WELCOME TO THE VIRTUAL HOME OF BRONSON L. PARKER. A native of Tennessee, "Bo" is a former journalist and writer of historical non-fiction. His creative writing career began after retirement from his day job as an appointed public servant in his adopted town of Hampton, VA. "It isn't a gipe site," he says. "If I enjoy something I read, or learn something about the writing game that I think is worthwhile, I'll have a few comments to make. His goal is to make it a fun site, both to write and, hopfully, to read.
Tuesday, August 11, 2009
The Watkins Man Was An Important Part of Life For Rural Folks During the 1940s
Organic. All natural ingredients. No chemical additives. These are terms that have recently entered our culture as the new, enlightened method to produce the products we consume. Right? Not if you are old enough to remember the Watkins Man.
His monthly arrival was a big moment every month for the folks who “lived off the gird” in the hills and hollows of East Tennessee in the 1940s. The man’s name is lost in the fog of old age, but the unique sound, the “Oooga! Oooga! Oooga!” of his Model A Ford’s horn, echoing up from the valley, is still a vivid memory.
It was a clarion call to Mom and me. She grabbed her Watkins jar with the money she had collected over the last month before we dashed out to stand beside the road, waiting to see the Model A come round the sharp curve at the at the bottom of the hill and then listen as it puttered up the steep hill through the woods to our home.
What was the Watkins Man? He was one of a legion of salesmen who traveled the back roads of rural America in vintage autos, selling products door to door for the J. R. Watkins Company, located in the Mississippi River Bluff town of Winona, Minnesota.
In 1868, Joseph Ray Watkins started the company in Plainview, MN. He had one product. He purchased the right to produce and sell “Dr. Ward’s Anodyne Liniment.” The product was mixed in the family kitchen, bottled in a woodshed, loaded onto a horse-drawn wagon and sold door to door throughout southeastern Minnesota.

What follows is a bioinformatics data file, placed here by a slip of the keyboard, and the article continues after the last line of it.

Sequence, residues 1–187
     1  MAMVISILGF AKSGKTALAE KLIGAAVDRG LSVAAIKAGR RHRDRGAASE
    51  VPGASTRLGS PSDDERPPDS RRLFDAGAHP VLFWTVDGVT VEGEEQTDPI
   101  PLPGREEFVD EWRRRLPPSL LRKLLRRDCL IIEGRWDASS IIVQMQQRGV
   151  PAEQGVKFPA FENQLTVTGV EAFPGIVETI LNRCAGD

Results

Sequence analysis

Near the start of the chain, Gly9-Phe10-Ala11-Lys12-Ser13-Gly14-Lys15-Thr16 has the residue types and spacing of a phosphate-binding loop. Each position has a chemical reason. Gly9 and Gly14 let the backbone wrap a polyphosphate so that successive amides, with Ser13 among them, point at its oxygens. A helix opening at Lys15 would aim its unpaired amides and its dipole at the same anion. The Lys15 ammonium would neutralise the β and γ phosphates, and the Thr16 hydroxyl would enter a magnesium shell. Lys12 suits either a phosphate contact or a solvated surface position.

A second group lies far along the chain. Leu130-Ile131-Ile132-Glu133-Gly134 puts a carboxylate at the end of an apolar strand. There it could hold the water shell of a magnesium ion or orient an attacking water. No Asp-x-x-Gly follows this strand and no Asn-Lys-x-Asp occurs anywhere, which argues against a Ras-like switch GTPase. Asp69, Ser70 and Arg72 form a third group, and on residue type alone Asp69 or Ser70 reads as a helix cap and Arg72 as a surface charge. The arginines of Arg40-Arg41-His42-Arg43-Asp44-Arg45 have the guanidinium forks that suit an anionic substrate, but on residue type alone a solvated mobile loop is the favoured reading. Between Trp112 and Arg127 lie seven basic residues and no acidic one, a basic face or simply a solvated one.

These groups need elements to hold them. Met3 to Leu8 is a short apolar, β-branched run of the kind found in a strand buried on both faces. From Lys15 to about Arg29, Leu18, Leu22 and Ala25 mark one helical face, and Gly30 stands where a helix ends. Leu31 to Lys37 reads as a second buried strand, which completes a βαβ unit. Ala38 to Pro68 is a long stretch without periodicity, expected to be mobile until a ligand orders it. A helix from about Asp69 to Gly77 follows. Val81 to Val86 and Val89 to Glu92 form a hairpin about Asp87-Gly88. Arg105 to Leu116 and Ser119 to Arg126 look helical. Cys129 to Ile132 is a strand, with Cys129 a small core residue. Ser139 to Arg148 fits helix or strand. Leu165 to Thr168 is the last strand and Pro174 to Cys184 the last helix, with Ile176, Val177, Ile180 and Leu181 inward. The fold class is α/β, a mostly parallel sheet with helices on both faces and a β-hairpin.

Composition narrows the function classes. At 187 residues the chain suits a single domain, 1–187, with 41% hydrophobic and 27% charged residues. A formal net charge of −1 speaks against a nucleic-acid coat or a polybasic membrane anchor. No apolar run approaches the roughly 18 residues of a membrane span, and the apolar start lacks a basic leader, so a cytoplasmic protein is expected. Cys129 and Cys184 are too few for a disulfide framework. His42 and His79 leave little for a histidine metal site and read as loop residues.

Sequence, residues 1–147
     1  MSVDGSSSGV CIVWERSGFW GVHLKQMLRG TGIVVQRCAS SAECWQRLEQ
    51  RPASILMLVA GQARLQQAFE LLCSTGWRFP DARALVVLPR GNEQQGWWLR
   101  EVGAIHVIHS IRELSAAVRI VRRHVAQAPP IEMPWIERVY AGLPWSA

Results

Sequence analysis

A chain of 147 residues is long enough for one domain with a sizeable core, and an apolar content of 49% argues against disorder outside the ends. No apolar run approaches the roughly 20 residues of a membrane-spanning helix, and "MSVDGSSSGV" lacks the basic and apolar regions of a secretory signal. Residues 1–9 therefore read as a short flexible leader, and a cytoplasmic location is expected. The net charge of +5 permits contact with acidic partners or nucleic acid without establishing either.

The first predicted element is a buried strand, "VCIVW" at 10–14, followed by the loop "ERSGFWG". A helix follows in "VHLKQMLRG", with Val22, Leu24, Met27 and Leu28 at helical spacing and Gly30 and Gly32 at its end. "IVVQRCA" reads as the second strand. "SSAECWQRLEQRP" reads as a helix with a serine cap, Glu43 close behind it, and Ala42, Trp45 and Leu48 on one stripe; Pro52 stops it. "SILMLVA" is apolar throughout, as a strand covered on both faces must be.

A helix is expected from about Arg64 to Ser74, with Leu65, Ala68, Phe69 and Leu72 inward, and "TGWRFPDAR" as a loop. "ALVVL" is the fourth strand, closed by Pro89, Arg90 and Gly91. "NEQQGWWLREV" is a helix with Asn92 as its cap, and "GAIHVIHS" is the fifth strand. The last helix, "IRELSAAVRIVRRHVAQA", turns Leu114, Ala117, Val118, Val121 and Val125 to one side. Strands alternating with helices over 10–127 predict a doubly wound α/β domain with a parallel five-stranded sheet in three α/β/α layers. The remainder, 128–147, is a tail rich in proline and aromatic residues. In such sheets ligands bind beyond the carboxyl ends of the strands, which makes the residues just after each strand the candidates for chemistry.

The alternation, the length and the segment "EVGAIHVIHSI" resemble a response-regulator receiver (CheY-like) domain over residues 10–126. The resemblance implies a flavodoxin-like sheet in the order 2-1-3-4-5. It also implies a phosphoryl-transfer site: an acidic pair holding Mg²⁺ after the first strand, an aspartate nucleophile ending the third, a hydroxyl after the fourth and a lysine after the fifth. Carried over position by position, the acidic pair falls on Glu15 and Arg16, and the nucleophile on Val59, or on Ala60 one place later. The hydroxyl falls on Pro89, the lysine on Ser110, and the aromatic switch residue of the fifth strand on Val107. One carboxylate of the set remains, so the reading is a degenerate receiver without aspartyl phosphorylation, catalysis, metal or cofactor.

After the company moved to the town of Winona, the product line expanded, but products stayed true to a standard that is still adhered to today. All products are made with natural ingredients with no chemical additives. The Watkins line of products is one of the very few that is certified by the Natural Products Association.
By the 1940s, the Watkins line of products had expanded to include soaps, cleaners, personal care products, and my mother’s favorites, the baking materials. The vanilla cinnamon, cloves, and other spices came in metal cans with a tight-fitting top. They made great toys when they were emptied.
The Watkins Man would deliver the product my Mom had ordered the month before, and fill out a form for the products she wanted delivered the next month. This was the process before it became my turn. The Model A was a coupe, with a rumble seat. Inside, on the rumble seat was always a box of candy, one free piece for every item Mom had purchased.
The J. R. Watkins Company is still in business, still selling only natural, organic products. Company ads can be found in the national magazines of the day. And the product is available in several chain stores across the United States. But there’s no Model A Ford involved. Nor is there free candy for the kids.